But back to Cardiology. I am starting to enjoy the service more now that I only have 8 days left! And it has been busy which I much prefer to the alternative of sitting in the library waiting for my pager to go off. Better just to run around all day and see 11 consults (3 of them solo and before 10am) and be called a "hyper little bird" then to do nothing or pretend to study EKG arrhythmias in the library while not-so-secretly wishing I was anywhere else. Yesterday was busy, but good.

This morning I am reflecting on a number of things but mainly I am just trying to be appreciative of what I have, the experiences I have been blessed with and the life that I get to live.

Time to go to work and live up to my attending's words now... Happy Hump Day to you!

And just because this made me smile. It is a bit late but in honor of the match being over and no more "maybes" enjoy this.


total apathy and mid-night realizations

I have the worst case of senioritis. I am so unmotivated to go to work and once there I really have to try to care because right now I just don't. I am doing a month of cardiology as my final elective and while it should be interesting and good review on reading ECGs I simply find it torturous to be tied to a pager waiting for the next consult to come in. I really don't have much love for CHF or the intricacies of transesophageal echocardiograms. I am going to be a Child Neurologist and I am SO excited to see kids and think about the brain, however adults and their hearts, not so much.

I wrote these words a day or so ago and while they were true at the time and remain so there is a small caveat. I think that 90% of why I am "checked-out" other than the about to graduate thing is that I am bored to death. I actually had a real-bonafied, my patient is having an STEMI consult and the ER really did need a cardiologist and I woke up from a dream thinking about my patient. And the fact that I was at work almost three hours beyond the normal pager time didn't even bother me. Because I do like medicine and learning and when I feel important/needed/useful and even more so feel that the patient is benefiting from my time then I am more than happy to be at the hospital. It is just that up until yesterday most of the consults were a waste of time.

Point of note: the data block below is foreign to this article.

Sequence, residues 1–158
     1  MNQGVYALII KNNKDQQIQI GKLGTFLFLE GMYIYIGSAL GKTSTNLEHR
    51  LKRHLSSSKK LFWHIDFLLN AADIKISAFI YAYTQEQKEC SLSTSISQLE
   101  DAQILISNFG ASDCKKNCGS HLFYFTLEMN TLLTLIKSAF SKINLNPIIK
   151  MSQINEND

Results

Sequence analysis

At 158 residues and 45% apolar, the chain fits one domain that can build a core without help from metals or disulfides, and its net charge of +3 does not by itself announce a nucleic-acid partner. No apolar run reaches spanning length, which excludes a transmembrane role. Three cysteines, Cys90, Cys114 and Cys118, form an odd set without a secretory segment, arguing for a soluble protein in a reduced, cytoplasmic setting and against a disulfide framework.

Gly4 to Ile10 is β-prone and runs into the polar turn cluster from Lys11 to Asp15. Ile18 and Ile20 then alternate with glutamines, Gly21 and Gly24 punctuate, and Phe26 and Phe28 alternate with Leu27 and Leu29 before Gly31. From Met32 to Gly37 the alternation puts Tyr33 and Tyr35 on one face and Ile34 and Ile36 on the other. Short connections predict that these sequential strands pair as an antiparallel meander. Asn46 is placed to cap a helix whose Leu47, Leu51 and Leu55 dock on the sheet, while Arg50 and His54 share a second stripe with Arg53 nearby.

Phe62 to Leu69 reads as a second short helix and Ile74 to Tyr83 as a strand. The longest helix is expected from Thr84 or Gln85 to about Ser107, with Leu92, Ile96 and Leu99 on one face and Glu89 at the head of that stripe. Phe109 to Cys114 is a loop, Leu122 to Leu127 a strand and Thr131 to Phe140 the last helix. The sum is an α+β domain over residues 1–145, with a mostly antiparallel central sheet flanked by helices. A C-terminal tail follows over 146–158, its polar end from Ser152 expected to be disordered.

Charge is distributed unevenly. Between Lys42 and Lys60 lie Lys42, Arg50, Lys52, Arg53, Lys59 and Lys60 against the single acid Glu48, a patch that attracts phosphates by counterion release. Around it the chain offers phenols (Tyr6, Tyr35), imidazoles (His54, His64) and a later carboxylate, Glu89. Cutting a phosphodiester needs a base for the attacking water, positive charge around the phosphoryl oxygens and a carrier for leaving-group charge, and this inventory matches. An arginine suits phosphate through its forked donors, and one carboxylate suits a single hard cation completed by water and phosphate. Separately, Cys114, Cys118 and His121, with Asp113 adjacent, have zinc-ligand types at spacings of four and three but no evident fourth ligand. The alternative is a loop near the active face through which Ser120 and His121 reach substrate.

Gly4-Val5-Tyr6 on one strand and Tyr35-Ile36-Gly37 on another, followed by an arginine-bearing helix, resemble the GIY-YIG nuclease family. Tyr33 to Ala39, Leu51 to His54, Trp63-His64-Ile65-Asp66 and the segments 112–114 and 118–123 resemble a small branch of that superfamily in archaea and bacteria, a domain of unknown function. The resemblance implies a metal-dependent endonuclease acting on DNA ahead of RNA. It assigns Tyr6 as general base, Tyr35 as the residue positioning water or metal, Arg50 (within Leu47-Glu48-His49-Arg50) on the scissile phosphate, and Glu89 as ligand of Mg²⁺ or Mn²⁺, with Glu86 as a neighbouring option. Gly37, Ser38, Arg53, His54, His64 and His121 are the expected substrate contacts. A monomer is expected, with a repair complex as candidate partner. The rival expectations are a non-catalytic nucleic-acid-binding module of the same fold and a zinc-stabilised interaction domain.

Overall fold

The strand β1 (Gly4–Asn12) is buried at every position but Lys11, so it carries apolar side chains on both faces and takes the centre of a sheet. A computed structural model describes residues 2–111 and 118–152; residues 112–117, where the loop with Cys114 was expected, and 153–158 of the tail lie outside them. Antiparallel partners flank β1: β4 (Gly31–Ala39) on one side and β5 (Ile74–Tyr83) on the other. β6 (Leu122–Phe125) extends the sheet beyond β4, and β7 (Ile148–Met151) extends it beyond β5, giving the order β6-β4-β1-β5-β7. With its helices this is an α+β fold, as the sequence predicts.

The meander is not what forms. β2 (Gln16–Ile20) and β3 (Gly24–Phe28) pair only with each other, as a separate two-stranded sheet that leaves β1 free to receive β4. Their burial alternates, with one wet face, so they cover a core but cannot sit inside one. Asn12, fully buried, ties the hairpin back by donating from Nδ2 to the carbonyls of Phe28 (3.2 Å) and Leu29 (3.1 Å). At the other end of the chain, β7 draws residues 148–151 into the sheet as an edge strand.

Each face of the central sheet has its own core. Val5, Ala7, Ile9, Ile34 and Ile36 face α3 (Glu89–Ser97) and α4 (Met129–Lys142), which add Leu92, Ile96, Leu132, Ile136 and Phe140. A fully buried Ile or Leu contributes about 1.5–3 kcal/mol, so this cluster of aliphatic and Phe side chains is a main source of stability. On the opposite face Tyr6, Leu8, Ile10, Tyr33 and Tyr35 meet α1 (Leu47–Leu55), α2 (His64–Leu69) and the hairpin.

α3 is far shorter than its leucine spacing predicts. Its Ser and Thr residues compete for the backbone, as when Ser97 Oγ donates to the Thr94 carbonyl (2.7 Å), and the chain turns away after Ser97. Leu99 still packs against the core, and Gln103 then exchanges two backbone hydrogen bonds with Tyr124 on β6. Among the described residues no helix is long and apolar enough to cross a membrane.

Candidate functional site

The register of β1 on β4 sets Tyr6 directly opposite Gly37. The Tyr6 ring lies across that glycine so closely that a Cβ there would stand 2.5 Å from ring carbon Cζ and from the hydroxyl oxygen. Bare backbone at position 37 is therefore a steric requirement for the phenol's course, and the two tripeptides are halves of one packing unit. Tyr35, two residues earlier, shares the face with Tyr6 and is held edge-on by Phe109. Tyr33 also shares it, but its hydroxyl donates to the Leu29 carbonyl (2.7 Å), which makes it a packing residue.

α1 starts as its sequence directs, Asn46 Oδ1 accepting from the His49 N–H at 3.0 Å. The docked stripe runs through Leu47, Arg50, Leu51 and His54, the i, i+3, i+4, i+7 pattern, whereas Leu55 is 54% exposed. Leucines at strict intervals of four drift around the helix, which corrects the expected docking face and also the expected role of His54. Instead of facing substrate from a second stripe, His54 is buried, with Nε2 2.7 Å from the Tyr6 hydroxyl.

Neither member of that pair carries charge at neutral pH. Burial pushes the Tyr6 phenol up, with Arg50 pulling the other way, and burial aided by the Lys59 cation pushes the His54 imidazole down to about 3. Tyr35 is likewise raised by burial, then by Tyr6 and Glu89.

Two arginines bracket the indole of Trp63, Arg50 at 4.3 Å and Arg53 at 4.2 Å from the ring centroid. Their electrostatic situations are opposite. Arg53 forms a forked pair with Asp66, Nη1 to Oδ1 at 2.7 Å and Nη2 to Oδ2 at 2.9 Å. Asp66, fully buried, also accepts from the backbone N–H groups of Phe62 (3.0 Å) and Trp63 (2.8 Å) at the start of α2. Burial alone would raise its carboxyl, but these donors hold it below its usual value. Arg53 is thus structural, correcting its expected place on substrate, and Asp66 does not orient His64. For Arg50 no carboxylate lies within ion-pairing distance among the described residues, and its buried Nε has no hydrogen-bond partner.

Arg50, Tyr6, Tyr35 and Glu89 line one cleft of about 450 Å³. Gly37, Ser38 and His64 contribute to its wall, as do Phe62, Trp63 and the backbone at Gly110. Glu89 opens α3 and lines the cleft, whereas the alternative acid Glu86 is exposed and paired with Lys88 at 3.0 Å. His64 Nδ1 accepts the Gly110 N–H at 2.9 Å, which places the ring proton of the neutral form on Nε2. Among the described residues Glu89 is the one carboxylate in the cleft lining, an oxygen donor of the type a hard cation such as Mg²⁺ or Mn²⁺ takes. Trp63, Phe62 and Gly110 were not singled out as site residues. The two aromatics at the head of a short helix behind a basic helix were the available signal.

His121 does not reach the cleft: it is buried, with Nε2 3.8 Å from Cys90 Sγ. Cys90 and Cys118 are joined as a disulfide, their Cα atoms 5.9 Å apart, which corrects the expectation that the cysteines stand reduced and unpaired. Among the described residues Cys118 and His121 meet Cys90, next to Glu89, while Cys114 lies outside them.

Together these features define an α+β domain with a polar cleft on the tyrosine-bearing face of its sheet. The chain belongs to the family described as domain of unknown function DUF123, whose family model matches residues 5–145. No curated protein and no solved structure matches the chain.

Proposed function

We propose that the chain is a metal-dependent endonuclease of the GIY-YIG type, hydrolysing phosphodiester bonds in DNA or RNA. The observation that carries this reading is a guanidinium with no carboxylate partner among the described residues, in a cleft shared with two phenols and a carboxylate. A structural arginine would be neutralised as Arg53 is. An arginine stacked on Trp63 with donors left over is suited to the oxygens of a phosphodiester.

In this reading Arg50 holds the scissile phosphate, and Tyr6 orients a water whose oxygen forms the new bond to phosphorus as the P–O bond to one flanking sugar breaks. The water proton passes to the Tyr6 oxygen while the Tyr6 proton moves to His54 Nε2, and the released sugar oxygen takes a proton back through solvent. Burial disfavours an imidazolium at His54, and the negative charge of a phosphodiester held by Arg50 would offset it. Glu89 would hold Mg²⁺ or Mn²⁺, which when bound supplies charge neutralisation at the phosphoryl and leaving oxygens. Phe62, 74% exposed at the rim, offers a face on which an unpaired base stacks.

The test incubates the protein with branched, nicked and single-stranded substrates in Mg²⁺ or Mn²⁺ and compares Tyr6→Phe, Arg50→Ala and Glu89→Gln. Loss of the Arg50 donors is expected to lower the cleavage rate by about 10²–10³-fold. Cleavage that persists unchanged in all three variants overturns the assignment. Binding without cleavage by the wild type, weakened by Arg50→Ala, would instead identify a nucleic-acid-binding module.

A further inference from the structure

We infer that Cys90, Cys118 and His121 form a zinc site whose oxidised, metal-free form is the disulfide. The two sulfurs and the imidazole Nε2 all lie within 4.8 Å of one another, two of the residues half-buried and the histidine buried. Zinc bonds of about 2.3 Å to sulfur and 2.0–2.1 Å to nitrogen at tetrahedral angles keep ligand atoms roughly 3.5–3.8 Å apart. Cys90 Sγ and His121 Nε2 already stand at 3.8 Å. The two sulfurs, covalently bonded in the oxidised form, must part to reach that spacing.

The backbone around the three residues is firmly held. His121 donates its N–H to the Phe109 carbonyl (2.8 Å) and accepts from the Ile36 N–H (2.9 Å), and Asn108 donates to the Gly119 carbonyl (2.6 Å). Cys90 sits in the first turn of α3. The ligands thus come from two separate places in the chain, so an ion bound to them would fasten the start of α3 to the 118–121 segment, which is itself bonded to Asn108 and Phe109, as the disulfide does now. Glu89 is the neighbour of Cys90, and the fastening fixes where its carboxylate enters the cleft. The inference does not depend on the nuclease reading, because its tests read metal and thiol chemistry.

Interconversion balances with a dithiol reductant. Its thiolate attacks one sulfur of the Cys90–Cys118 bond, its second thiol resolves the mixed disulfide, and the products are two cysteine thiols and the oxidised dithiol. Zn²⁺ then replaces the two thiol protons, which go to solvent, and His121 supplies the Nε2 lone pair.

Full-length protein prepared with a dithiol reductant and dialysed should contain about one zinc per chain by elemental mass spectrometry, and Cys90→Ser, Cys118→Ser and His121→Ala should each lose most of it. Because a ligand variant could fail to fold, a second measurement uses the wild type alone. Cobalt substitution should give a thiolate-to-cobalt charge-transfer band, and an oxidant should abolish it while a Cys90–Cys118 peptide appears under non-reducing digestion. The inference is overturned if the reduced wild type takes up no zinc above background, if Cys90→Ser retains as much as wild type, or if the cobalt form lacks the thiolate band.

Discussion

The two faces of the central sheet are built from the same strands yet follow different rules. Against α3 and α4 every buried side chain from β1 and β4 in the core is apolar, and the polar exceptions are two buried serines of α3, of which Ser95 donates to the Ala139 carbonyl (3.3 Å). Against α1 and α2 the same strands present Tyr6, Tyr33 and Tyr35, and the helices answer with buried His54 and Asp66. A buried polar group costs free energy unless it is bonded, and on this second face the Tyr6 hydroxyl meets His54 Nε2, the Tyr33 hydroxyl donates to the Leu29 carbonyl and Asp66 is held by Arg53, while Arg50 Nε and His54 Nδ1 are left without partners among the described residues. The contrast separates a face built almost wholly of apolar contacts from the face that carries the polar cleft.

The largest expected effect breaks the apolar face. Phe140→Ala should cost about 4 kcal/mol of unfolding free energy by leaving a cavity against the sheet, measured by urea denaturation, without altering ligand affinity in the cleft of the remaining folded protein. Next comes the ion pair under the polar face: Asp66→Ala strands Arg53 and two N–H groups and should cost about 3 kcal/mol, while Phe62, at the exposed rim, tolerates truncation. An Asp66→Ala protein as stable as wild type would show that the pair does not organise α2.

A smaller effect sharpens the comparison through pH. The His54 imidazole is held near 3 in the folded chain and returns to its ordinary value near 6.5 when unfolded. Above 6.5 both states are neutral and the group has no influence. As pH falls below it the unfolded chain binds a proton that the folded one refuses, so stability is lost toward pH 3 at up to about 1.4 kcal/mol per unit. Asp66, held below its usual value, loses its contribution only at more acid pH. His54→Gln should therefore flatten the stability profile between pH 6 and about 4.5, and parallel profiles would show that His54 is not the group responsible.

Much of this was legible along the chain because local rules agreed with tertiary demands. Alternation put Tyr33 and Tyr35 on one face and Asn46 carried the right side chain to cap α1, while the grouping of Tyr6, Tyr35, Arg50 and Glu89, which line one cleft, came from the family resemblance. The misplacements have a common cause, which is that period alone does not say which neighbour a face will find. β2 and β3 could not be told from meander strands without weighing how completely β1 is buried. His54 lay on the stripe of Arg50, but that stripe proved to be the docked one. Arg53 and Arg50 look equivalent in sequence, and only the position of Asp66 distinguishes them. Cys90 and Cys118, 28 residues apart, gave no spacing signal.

Seriously, I've had consults such as: patient with new onset V-tach, non-symptomatic, unsustained for 8 beats in the middle of the night. Please evaluate. Guess what? Motion artifact. You wasted an hour of my time and 10 minutes of my attending's time so that we could tell you that your consult was BS. I guess this was due diligence and now I will hopefully never make the same mistake so I did learn something but this happens all the time!

Surgical clearance consults. Yes, they have to be done but please don't ask Family Medicine to do the consult and Cardiology to do the same consult. We both show up and then feel obligated to do the consult because you asked but we are just duplicating each other's work, wasting time and using resources that could better be used for say that patient that is having an MI or the new admit. And this is all so that maybe you will get your surgical clearance a bit earlier from one of the services. Not cool.

Consults for medical management help. Unless you have actually tried all of the evidence based medicine guidelines for managing said problem and are actually asking for help because the patient is especially complicated please don't consult cardiology for every CHF patient on hospital day 1 that may need more medication. The attending cardiologist will not give you firm medication recs. if you haven't at least tried for 24-48 hours, so why bother to ask?

And in other news... I am thinking of changing blog names and sites. My island days are behind me and residency is around the corner. But if anyone has particular SGU questions or would like a final post or two before I do so, let me know.

I'm off to Houston tonight to hopefully secure an apartment and tour my new city. So that is exciting.

Only 10 more days of medical school left!
Happy Friday!